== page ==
The juices at the sunny cafe at Vía Orgánica (a nonprofit organic farm and education center; Calle Margarito Ledesma 2; viaorganica.org) are squeezed from the produce in the adjoining grocery store: carrot, apple, guyabano, orange (of course) and whatever’s fresh — a celery-basil brew, maybe? Pair your juice of choice with homemade pastries or a full breakfast; 160 pesos for two.
12.God’s Graphic Novel
Baroque Mexican churches are not unusual, but the 250-year-old Santuario de Atotonilco (Atotonilco; santuariodeatotonilco.org), about nine miles from San Miguel, is over-the-top ornate, a dizzying visual cacophony. Nearly every inch of wall and ceiling space is filled with detailed biblical scenes and passages, which is why the church is known as Mexico’s Sistine Chapel and was named a Unesco World Heritage site in 2008. The sanctuary, in the main plaza of Atotonilco, is also a pilgrimage site for penitents, who self-flagellate to atone for sins. Note the rope flails sold by vendors outside the church.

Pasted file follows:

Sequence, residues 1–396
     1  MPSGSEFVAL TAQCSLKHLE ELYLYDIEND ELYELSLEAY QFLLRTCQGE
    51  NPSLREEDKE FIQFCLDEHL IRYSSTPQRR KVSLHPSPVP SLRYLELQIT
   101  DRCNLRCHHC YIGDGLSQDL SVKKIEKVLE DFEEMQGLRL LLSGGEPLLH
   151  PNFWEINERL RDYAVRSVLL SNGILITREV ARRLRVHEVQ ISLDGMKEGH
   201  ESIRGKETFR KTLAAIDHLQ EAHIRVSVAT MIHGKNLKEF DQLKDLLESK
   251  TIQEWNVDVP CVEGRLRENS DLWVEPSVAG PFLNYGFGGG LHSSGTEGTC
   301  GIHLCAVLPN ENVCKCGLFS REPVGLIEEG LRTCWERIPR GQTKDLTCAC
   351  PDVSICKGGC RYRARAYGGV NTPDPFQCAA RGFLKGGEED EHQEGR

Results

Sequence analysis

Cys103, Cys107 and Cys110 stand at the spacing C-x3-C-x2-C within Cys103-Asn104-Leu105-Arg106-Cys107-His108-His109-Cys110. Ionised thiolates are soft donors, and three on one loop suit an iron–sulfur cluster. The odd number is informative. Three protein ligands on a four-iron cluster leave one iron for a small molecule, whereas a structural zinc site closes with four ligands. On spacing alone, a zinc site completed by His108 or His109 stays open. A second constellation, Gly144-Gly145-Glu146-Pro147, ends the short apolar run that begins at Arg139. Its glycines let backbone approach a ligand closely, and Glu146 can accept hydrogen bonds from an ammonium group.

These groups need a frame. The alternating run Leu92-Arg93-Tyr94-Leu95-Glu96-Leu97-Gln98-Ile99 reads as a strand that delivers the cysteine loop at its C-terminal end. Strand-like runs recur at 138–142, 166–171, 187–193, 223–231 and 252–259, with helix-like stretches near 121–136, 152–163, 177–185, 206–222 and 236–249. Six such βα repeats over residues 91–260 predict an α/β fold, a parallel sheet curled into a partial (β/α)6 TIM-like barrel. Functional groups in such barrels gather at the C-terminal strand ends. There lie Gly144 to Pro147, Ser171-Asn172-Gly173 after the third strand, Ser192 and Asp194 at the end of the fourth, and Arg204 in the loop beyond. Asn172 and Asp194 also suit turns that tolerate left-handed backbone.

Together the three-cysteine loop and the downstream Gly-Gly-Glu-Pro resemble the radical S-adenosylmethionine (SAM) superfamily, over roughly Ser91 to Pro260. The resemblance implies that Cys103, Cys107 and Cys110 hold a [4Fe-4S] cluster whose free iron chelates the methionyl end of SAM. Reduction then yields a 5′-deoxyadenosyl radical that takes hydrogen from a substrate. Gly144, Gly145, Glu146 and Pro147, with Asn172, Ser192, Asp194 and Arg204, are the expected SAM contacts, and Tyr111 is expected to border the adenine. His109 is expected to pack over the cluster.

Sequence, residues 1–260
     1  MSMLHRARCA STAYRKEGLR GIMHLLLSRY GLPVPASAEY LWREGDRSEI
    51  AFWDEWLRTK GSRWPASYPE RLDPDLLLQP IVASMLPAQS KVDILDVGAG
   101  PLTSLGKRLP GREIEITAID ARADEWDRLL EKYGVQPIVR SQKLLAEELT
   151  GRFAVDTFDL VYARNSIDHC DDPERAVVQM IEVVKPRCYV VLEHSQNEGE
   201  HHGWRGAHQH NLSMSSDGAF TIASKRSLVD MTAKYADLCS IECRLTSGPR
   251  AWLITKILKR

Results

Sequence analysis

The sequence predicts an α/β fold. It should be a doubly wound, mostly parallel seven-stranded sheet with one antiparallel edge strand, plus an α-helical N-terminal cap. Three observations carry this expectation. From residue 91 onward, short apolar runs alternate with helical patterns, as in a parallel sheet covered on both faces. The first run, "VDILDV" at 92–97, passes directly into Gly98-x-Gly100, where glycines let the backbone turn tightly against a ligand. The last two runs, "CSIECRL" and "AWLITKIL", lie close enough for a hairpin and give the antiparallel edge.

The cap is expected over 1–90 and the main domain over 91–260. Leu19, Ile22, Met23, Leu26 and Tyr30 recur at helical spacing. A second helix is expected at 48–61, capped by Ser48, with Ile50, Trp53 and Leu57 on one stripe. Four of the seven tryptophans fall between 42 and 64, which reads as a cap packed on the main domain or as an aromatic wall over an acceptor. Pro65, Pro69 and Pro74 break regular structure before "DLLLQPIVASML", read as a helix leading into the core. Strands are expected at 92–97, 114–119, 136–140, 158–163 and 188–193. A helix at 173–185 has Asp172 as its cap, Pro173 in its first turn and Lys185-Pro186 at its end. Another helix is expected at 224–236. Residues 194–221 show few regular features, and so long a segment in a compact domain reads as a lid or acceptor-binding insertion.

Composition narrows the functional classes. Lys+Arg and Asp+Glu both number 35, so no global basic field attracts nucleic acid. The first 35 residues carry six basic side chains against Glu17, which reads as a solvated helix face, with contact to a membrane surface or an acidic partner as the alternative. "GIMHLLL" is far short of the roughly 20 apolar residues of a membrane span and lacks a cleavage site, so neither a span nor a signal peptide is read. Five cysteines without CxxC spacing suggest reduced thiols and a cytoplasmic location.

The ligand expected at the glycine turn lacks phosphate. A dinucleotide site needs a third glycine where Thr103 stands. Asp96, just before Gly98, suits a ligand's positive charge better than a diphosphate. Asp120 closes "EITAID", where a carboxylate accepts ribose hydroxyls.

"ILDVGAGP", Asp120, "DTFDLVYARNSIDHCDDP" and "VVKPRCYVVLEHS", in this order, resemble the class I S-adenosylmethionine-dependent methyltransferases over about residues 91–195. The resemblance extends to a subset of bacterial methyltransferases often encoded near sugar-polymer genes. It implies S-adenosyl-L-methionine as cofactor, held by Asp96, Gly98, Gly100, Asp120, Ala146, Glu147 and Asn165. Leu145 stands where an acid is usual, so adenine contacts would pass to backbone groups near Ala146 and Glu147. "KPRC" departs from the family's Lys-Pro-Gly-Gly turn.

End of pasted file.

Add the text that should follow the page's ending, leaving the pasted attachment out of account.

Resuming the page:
Atotonilco is surrounded by thermal springs, and on your way back toward San Miguel stop for a soak at Escondido Place (entry, 100 pesos; Caraterra Dolores Hidalgo, Km. 10; escondidoplace.com). There are several outdoor pools, but the showpiece is the series of techados (bathing houses with bóveda ceilings). The 100-degree water is piped from the ground into one techado, then flows down stairs to fill a second and then onto a third — cooling off slightly as it travels. For the steamiest, dreamiest end to the weekend, loll a while in the hot house.
March 24, 2013
The 36 Hours column March 10, about San Miguel de Allende, Mexico, misstated the price of log stools by Carey Berkus Designs at Mixta. They cost 3,800 pesos, not 38,000 pesos. The column also rendered the name of a cartoon character incorrectly and misspelled the name of a J. R. R. Tolkien character. Some of the masks at the Other Face of Mexico, a gallery, resemble Wile E. Coyotes, not Wiley Coyotes, and look like dentally challenged Gandalfs, not Gandolfs.